Check this out, all this happens in the same episode: Not only do we get crucial information about Ben's childhood and his relationships with his mother, father and a young friend named Annie, we also get our first look at Dharma Initiative operations in the 1970s, their skirmish with "the Hostiles," the Purge, and some mysterious dude in a rocking chair named Jacob. This was also the first time Ben left Locke for dead. Think about the importance of all those plot developments to the big picture.
8 of 13 Mario Perez/ABC/Getty

"Greatest Hits"(Season 3, Episode 21)

Sniff. When scrappy former rock star Charlie learns he has to die to ensure the rescue of his beloved Claire and her son Aaron, he leaves behind a note that includes his proudest moments in life. We are then treated — via flashbacks — to the night Drive Shaft first heard "You All Everybody" on the radio, young Charlie learning to swim, Charlie bonding with his brother over a family heirloom, and being called a hero after stopping a mugging. At the top of Charlie's list, however, is the night of the Oceanic 815 crash, when he first met the very preggers Claire. Can someone pass the Kleenex?
9 of 13 ABC

"Through the Looking Glass"(Season 3, Episode 22)

Just when the show trained us to follow present-day stories and the flashbacks that inform them, "Looking Glass" shatters the formula. A sad, bearded, drug-addicted Jack stumbles through life after a botched suicide attempt and learning that someone has died. But who's in the coffin? In the show's final minutes — when Jack meets Kate and tells her that they need to go back to the island — we realize that the entire cleverly constructed episode has been a flash-forward that presents the wacky idea that getting off the island shouldn't necessarily be the survivors' goal. Meanwhile, on the island, Charlie's noble sacrifice makes us all cry.
10 of 13 ABC

"The Economist"(Season 4, Episode 3)

It's no surprise that Sayid works as an assassin after being rescued; he always did have a ruthless streak. It is surprising, however, that the suave, globetrotting charmer is working for Ben. It's in this episode that Faraday confirms that time moves differently on and off the island. Also: We learn that Sayid kind of has a thing for blondes.
11 of 13 ABC

"The Constant"(Season 4, Episode 5)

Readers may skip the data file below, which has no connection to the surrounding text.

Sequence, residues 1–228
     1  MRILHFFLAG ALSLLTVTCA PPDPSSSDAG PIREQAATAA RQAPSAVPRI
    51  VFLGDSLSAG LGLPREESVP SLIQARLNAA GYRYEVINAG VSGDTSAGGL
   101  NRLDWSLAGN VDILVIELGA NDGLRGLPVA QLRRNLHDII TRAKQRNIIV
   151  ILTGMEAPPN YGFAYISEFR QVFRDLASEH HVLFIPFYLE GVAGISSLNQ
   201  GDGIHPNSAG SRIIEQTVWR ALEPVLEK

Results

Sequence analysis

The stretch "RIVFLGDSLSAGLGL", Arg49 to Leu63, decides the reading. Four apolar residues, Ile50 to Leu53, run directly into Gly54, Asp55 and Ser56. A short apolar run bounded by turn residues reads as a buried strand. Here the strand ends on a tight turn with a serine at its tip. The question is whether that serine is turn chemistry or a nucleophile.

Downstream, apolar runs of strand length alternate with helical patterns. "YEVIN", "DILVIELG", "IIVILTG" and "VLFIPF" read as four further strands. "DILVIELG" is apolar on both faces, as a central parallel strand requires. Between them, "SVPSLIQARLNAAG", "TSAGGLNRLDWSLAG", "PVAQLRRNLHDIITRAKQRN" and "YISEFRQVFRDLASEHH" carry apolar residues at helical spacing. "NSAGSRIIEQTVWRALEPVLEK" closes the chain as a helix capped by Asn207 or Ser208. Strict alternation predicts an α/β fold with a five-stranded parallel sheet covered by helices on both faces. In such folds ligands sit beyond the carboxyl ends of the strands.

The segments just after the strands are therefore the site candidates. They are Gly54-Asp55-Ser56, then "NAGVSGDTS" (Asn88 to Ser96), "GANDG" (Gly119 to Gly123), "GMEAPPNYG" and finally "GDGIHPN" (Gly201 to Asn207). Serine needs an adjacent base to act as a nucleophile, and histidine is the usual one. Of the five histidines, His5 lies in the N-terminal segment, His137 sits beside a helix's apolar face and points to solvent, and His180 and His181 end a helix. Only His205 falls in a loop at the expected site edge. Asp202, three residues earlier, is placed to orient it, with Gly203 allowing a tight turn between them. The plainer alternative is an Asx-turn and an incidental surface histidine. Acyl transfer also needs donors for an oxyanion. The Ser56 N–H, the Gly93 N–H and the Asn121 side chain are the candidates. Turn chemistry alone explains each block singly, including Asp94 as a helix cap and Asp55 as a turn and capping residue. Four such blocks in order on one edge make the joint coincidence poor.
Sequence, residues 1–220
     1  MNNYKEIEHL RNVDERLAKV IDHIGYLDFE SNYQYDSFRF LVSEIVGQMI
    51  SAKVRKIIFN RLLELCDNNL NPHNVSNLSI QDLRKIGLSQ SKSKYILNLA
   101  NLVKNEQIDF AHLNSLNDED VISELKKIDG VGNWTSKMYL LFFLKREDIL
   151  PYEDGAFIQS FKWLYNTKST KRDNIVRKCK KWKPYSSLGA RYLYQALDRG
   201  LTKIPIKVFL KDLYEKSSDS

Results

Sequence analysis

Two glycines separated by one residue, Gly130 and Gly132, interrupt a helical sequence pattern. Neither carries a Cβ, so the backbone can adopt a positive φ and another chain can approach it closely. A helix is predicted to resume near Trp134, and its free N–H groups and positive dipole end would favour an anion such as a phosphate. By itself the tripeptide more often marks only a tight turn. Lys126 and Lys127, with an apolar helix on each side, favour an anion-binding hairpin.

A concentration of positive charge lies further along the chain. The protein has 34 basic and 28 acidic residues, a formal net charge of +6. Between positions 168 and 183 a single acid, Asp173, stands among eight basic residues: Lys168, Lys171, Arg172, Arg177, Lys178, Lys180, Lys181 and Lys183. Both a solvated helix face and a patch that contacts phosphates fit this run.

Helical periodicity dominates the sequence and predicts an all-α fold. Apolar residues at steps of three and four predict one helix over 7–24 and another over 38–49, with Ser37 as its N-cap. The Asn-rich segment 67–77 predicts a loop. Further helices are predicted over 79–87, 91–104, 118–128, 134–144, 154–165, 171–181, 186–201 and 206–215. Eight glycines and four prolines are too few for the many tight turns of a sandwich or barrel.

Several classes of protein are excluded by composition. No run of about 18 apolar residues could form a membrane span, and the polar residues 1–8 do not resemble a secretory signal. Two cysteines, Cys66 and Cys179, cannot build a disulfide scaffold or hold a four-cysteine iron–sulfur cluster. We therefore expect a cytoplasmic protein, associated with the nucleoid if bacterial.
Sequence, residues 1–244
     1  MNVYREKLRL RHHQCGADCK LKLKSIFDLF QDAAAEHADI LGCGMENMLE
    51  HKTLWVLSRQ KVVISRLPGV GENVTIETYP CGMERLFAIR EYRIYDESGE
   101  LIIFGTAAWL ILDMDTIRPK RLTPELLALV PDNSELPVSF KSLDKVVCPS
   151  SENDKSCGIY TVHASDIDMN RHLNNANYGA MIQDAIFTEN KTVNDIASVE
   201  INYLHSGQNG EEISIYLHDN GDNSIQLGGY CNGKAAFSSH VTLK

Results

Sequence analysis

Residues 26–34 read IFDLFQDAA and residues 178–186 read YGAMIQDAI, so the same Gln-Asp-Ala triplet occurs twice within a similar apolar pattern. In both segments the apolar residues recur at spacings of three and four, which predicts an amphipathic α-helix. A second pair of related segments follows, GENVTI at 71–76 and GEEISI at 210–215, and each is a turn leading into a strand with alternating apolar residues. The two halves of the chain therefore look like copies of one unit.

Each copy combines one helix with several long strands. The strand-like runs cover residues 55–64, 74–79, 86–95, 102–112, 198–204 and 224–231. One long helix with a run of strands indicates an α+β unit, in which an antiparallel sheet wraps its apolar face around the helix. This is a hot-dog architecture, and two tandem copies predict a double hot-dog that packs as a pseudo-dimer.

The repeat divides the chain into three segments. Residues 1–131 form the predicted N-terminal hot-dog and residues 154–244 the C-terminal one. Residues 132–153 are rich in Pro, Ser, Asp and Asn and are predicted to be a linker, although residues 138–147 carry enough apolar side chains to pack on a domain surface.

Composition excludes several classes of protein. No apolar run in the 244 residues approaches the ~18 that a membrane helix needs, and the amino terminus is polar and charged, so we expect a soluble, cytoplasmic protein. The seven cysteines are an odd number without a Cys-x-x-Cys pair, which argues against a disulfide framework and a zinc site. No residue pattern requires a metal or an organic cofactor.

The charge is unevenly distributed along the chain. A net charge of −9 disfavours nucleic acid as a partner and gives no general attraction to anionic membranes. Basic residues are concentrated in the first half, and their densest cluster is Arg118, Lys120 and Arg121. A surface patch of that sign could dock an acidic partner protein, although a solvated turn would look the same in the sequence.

We always knew Desmond was different, but "The Constant" showed us how different. This is the first episode that incorporates neither flashbacks nor flash-forwards in its narrative. When Lapidus accidentally veers off course on the way to the freighter, Desmond, whose proximity to the hatch explosion has altered him, becomes unstuck in time, volleying between the versions of himself in 1996 and 2004. We learn that this form of time travel can cause one's brain to explode, which is why Desmond — with Faraday's help — chooses Penny as his "constant," a person who knows you in both time periods. Forget Jack, Kate, Sawyer, Juliet, Sun and Jin. Desmond and Penny's poignant, time-traveling affair solidifies their position as the heart of the show.
12 of 13 ABC

"Ji Yeon"(Season 4, Episode 7)

The on-island story of this episode is pretty straightforward. Juliet convinces Jin and Sun to leave the island for the sake of their unborn child. Over the course of the episode, Sun tells Jin (with an unwanted assist from Juliet) that she had an affair, but that Jin is the father of her baby. Off-island, things are more complicated: Jin's story of rushing to a hospital is a flashback, while Sun's seemingly analogous story is actually a flash-forward that tells the story of the birth of their daughter, who lends her name to this episode. In the episode's final moments, we learn that Sun has erected a tombstone in Korea that lists Jin's date of death as 09/22/04, the date of the Oceanic crash. What happened to Jin?
13 of 13 Mario Perez/ABC/Getty

"LaFleur"(Season 5, Episode 8)

There have been plenty of episodes that demonstrate why Sawyer is such a shifty opportunist, and also why he needs to atone for his past actions. But it's "LaFleur" that shows the con man assuming one more pseudonym to become a good man when he assumes a prominent position of power within the 1970s-era Dharma Initiative. It's also in this episode that we learn that James and Juliet have, in the absence of the Oceanic 6, made a love connection as pure and as beautiful as those hand-picked flowers he brings her. Just as things couldn't appear more perfect, the members of the Oceanic 6 arrive on Ajira Flight 316, ready to wreck homes.